The DAM that Gaslit Me
Now that I’ve worked in Digital Asset Management (DAM) for a certain large publisher who has no clue how to provide proper tech support for the DAM software it relies upon, I know for a fact that badly maintained digital media is scary and can mess with your head. While paper and physical objects can be easily misplaced or destroyed by mold, fire or chemicals, such things do not occasionally inexplicably disappear as digital files do from neglected data servers that are accessed by old, unmaintained software.
I learned this lesson first hand a long time ago. I’d copied all my music files from CDs onto an old hard drive to get the clutter in my apartment down. When I went to access a particular album from the drive about a year later, it wasn’t listed in the contents. I doubted my sanity — had I missed copying it? I soon realized that several albums I clearly remembered copying were not on the drive. This was my first experience with Data Degradation. It’s now the source of much paranoia.
The DAM software with which I worked at this publisher gaslit me on a daily basis, making me question my own judgement and memory. Metadata that I’d entered yesterday, which I checked and rechecked, corrected and perfected, and placed firmly in the place where it was to live, would simply be gone today rendering me powerless.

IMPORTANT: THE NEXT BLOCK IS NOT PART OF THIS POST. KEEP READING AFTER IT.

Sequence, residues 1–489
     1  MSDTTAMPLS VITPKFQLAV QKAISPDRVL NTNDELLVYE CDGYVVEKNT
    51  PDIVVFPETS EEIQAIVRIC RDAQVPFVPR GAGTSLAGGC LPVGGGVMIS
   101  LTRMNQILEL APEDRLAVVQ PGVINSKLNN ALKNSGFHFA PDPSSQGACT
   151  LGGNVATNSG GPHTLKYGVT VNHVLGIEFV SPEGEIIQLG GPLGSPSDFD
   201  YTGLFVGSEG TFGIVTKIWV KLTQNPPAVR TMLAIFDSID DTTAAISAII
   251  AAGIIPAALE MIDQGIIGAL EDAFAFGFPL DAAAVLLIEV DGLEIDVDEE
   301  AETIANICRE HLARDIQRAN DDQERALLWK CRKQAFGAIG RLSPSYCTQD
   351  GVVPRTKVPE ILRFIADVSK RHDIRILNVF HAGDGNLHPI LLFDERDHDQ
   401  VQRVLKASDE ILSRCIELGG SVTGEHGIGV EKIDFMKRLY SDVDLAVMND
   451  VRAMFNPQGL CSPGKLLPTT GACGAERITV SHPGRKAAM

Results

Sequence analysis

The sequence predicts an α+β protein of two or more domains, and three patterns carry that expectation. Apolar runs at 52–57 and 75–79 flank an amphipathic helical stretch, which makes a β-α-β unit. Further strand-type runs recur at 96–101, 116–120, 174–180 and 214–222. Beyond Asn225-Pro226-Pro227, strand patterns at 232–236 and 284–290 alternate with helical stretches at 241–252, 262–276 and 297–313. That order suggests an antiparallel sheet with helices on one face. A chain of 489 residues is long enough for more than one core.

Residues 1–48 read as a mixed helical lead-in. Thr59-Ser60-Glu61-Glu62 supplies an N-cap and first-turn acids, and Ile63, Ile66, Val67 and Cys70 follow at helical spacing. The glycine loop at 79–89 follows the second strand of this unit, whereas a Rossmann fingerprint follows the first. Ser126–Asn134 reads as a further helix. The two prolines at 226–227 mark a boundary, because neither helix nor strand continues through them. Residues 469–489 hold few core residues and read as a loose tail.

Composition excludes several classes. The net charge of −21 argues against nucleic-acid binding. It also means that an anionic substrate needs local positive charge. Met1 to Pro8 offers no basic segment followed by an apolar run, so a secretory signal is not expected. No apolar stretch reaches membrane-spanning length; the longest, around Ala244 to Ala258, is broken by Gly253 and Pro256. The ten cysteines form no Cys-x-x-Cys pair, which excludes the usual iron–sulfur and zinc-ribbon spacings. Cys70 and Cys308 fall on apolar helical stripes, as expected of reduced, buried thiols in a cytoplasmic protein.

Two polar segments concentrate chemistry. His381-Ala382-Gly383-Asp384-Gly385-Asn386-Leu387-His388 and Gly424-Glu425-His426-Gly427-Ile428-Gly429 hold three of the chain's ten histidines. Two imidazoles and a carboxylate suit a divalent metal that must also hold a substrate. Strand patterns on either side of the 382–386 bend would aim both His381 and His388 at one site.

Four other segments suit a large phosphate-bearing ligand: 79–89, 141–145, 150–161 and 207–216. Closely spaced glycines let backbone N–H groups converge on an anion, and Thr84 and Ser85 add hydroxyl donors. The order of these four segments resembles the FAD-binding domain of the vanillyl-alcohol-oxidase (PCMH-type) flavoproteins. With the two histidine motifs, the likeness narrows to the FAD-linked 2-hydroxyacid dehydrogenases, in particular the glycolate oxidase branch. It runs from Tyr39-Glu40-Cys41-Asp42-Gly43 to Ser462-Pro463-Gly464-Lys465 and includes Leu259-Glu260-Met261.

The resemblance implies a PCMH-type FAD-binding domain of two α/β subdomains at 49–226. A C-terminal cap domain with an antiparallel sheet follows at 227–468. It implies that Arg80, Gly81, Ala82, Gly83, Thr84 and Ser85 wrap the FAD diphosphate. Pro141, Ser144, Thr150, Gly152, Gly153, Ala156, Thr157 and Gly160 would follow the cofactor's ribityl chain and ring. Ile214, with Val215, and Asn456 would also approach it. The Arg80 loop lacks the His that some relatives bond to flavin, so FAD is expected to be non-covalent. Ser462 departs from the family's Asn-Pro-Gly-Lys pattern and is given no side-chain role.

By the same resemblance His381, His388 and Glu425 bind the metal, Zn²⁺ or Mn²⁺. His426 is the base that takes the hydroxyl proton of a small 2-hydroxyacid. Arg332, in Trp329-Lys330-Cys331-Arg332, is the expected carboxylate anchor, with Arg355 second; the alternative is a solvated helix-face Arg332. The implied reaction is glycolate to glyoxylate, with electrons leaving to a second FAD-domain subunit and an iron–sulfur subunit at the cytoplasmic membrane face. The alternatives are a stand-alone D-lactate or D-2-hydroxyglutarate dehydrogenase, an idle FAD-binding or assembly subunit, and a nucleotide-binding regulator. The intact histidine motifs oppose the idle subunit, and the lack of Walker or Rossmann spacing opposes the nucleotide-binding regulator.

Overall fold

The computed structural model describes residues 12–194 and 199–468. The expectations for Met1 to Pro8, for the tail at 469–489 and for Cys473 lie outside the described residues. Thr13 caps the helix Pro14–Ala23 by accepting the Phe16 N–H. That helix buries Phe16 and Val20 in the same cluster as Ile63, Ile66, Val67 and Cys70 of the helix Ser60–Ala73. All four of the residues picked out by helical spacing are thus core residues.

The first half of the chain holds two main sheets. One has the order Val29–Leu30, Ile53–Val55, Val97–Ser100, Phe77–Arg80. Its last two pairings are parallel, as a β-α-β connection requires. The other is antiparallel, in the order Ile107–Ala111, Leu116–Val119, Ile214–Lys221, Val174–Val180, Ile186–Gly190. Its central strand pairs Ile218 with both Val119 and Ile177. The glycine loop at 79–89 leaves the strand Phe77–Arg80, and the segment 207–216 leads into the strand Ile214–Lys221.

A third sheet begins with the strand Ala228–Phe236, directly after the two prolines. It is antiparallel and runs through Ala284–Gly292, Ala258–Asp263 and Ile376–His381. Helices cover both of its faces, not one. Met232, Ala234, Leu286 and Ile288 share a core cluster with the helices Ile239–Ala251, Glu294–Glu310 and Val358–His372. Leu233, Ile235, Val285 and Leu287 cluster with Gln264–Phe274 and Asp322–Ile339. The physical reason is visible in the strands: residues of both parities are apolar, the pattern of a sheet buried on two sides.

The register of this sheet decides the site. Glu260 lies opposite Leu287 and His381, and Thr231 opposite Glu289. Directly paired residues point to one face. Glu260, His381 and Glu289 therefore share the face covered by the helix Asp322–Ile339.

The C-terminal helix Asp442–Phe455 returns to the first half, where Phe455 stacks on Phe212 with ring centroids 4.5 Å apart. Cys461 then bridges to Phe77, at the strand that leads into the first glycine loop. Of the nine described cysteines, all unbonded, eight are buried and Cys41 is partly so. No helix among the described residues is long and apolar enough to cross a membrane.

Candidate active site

I love the digital tools in my life — my iphone is with me at all times for entertainment, connections to all the wonderful people in my life, business, education, etc. I also love how my computer has expanded my creative skills exponentially. Digital technology has allowed archives and museums the ability to share their collections with a vast amount of people, expanding their reach internationally.
Storage of the products of the myriad bytes of data those actions create, though, is a different matter altogether.
Until technology greatly improves, and until the rest of the world stops looking at it as the tool that will run our lives seamlessly without maintenance, I’ll be bracing myself for the day when my stored images, documents, and writings no longer exist, when I’ll question my having created it all in the first place. With any luck, its disappearance will remove a great load from my back.